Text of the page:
November 17, 2013

Thoughts: Typhoon Haiyan

I am confused.  So utterly confused right now.  Typhoon Haiyan (aka Typhoon Yolanda) has hit the Philippines a week ago, and media coverage and aid has been spotty as best, portraying the disaster more along the lines of a horrific, foreign event than as a pressing, worldwide matter.  Not to mention the whole China aid fiasco.  By the way, how can the world's "second-largest economy" care so little about humanitarian aid--so much so that it lags behind, embarrassingly enough, Swedish furniture giant Ikea's donation to Typhoon Haiyan relief efforts?

But I shouldn't be calling out only China over its nonchalant stance on the issue, for even in the US, Typhoon Haiyan publicity remains relatively quiet, as reflected on Etsy.  Remember the comaraderie that was duly expressed during Hurricane Sandy and the Japan tsunami and earthquake disasters?  Etsy teams sprung up for action, donation items were swiftly added for sale with proceeds benefiting disaster relief.  This has not been the case for Typhoon Haiyan relief efforts, in my opinion.  As of this afternoon, I typed "Typhoon Haiyan" in Etsy's search box and a mere 217 items* for sale came up.  I then searched "Typhoon Haiyan" and "Philippines" under Etsy teams, and there were no results that were specific to the typhoon relief efforts.  This finding stunned me, since there are/were at least four Etsy teams (in total) that were devoted specifically to Sandy or Japan relief efforts--I know this because I joined those very teams.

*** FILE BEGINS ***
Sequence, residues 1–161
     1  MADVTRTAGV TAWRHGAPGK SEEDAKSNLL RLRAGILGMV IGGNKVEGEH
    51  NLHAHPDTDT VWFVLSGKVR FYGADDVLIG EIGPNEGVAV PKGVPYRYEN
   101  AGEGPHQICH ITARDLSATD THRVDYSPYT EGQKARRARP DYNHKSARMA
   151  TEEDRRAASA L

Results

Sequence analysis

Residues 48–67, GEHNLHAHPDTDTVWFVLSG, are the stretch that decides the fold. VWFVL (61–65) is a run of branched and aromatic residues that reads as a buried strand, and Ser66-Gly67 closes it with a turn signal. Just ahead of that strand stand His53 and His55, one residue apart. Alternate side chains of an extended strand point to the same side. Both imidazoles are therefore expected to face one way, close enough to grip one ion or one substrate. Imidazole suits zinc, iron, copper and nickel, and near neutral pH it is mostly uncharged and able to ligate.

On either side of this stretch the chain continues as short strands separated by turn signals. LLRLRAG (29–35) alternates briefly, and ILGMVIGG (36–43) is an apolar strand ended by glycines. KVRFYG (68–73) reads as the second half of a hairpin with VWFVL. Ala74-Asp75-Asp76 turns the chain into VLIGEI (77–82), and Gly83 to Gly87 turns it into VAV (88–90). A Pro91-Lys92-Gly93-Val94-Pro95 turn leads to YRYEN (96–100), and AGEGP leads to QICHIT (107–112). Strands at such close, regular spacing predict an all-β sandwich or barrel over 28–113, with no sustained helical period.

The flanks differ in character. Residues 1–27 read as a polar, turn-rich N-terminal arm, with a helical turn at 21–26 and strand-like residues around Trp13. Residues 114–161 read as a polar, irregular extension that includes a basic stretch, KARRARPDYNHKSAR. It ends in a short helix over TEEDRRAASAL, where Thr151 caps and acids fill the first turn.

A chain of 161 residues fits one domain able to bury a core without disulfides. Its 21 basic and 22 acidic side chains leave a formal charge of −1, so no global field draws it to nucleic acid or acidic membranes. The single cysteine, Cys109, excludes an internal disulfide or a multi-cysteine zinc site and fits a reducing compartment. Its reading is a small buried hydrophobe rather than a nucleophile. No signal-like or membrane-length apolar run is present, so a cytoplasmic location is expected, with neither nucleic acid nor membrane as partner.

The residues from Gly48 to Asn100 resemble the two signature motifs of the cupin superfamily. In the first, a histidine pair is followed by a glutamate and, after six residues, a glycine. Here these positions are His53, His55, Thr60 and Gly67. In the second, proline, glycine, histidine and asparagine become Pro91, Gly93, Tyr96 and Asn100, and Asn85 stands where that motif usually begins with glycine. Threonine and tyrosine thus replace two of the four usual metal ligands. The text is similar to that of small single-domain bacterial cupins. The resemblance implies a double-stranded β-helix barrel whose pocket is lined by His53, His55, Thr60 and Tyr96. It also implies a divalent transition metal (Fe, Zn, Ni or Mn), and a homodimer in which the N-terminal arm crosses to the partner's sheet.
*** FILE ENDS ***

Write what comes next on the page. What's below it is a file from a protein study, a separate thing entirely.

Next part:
So why is Typhoon Haiyan different?  I honestly think it's because the Philippines, in contrast to Japan, is a vastly poor nation.  The following story supports this stance: in the days after the tsunami in Japan, I saw a news segment on a man who donated proceeds from sales in his hardware shop to Japan aid and recovery efforts because "They are just like us."

What does that mean to be just like us?

When we think of the Philippines, if we ever do, we envision a nation of poverty with a painful colonial history.  It is unfortunate that socioeconomic class (and racial bias) informs our perspective about others on a local, national, and global level because we are in fact all in this together: global events set in motion chain reactions that reverberate throughout once-separate-and-still-unequal communities, which are now connected through globalization and the increasingly mobile role of technology in our lives.  I should correct myself--technology in the lives of those in developed nations because the rest of the world typically cannot afford it; and if they can afford it, the purchase is made at the expense of most everything else (ie: important things such as healthcare and community improvement).  That's the difference, which is worth the risk of reaching out.

* An Etsy search of "Hurricane Sandy" and "Japan relief" came up with over 700 and over 400 results, respectively.  The search results for the phrase "Philippines relief" was similar in number to those of "Typhoon Haiyan."

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